I invented a technique that was almost as sensitive as PCR, without using exponential amplification, a feat Helen Lee of Abbott called “impossible” – even more impossible when one considers that my technique was also more quantitative, used less extensive sample preparation, and had a much faster time to first result.
I did not know at the time, and neither (I dare say) did Kary Mullis, the inventor of PCR, that a future need would determine the ultimate fate of these two techniques.
In the early 1980’s, that future need was multiplex analysis – the ability to analyze dozens, hundreds, even thousands of sequences at once – something PCR was adept at doing. After all, in human cells, thousands of genes are replicated during the S phase of the cell cycle.
My biggest mistake was not inventing PCR when I had the chance in 1979.
My second biggest mistake: not inverting the format of my own sensitive hybridization technique, called RTC, reversible target capture. With that inversion, my technique could have been as sensitive as PCR, and more sensitive than RT-PCR (which has the inefficient reverse transcriptase step). The RTC technique might still be in use today for applications requiring superior quantitation, and especially with RNA targets.
A multiplex RTC with more than a dozen targets would seem to be a stretch without alternative, more efficient capture methods, requiring fewer beads. (A bead binning mechanism that would separate the different capture beads containing the different targets after hybridization would be required. Compare the technique of Illumina).
By “inversion” I mean using the homopolymers for quantitative linear signal amplification, not capture. Today I would design two or three non-interacting capture extender probe sequences to be used in the RTC. I would do a liquid phase hybridization with the three capture extender sequences and one to ten label extender sequences. The label extender probes that hybridize to the target would be tailed with poly(dC), with about 3000 or more residues. I would add six dC residues to the 3′ end of each oligonucleotide probe to make the tailing more uniform.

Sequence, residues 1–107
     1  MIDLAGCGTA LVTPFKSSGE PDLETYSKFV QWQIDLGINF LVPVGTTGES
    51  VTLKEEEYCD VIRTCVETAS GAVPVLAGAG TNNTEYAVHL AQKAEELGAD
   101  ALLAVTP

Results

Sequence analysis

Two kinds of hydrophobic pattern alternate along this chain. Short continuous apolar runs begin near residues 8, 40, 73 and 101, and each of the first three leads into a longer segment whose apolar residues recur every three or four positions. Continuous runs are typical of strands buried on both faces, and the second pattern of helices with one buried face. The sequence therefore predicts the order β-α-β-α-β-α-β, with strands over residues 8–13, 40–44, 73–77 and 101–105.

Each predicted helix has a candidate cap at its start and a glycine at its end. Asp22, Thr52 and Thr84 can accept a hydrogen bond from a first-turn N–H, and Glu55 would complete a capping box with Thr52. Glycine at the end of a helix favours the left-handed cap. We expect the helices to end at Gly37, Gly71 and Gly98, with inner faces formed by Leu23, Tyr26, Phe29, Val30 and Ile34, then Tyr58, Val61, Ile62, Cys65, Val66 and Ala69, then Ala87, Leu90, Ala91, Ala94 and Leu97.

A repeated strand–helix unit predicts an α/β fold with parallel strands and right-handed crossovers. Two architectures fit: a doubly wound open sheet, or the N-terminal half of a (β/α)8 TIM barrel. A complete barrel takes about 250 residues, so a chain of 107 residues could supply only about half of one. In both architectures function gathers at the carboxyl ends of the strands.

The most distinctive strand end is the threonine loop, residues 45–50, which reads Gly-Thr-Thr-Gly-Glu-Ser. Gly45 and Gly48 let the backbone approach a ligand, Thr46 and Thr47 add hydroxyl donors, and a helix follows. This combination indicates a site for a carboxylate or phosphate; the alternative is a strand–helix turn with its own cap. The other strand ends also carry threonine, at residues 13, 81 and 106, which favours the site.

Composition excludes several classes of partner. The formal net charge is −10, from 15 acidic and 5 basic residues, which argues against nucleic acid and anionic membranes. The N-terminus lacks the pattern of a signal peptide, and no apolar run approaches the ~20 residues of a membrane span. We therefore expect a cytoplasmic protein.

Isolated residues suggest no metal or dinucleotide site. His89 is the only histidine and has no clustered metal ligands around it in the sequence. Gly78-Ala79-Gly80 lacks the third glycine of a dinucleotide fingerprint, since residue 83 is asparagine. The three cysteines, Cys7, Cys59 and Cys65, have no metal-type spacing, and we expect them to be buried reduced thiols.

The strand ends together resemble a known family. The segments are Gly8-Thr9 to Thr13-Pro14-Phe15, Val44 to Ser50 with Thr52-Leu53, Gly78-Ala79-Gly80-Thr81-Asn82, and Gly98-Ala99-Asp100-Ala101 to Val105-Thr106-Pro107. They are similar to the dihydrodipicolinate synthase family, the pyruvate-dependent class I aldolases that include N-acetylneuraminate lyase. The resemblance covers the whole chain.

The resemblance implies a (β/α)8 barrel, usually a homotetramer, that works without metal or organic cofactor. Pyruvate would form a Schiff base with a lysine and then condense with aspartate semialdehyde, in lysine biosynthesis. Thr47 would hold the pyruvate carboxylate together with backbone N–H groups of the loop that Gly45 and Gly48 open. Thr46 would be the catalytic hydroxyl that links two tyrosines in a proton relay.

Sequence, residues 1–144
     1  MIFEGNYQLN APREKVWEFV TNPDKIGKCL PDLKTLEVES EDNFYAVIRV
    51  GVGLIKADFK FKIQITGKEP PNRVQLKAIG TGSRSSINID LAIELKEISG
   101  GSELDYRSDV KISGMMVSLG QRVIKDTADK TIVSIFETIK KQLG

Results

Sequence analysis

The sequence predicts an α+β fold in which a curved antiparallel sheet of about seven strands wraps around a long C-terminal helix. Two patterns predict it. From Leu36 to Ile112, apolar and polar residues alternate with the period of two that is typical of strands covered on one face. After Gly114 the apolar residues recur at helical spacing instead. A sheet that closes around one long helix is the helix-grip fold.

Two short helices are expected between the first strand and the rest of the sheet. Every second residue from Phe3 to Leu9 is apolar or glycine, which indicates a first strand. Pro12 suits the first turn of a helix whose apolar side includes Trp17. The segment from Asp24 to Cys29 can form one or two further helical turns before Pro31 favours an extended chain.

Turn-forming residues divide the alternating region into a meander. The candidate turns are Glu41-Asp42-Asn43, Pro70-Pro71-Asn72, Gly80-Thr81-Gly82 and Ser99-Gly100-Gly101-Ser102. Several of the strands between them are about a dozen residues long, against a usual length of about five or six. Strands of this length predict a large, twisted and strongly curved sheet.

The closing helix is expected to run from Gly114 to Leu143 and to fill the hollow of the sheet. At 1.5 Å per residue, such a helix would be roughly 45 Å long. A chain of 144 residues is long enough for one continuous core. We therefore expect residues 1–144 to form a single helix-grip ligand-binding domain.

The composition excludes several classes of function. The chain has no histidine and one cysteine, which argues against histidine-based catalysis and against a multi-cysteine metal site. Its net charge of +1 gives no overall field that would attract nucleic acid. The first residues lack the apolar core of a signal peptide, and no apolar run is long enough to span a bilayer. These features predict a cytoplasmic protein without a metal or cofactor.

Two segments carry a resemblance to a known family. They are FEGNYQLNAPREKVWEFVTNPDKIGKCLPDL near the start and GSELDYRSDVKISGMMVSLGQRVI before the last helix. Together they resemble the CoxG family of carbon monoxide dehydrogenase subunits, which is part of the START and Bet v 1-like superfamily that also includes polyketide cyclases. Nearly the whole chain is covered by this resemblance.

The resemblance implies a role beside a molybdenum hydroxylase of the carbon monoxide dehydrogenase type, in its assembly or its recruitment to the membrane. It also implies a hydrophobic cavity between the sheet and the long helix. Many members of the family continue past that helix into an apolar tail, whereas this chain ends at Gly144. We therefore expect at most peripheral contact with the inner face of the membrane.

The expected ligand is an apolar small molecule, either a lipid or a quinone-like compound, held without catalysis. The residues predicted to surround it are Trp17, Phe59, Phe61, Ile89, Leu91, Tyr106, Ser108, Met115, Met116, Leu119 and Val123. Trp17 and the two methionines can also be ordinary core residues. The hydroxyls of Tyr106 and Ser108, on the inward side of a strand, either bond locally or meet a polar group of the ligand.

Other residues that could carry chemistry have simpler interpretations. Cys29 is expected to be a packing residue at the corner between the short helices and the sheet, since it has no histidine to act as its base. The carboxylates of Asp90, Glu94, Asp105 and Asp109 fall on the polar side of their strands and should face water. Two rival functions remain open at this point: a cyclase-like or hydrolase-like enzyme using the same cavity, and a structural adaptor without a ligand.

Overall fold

After washing away excess capture and label extender probes at high stringency, I would use first amplifier probes, composed of oligo(dG)-poly(dA) to hybridize to the label extenders that are hybridized to the captured target. Oligo(dG) would be short, 10-12 nucleotides, maybe 15, because of aggregation (solubility) problems, and an oligo (dA), six nucleotides in length, would be used during oligonucleotide DNA synthesis of these generic first amplifier probes, to get better, more uniform poly(dA) tailing [and longer dA sequences if adding them to the oligo(dG) would in fact reduce aggregation problems with the sequences]. The poly(dA) tail would be about 3,000 or more nucleotides. After washing, I would hybridize oligo(dT)-enzyme complexes to the poly(dA) tails. The oligo(dT) would be optimally between 20 and 30 nucleotides for decent stability.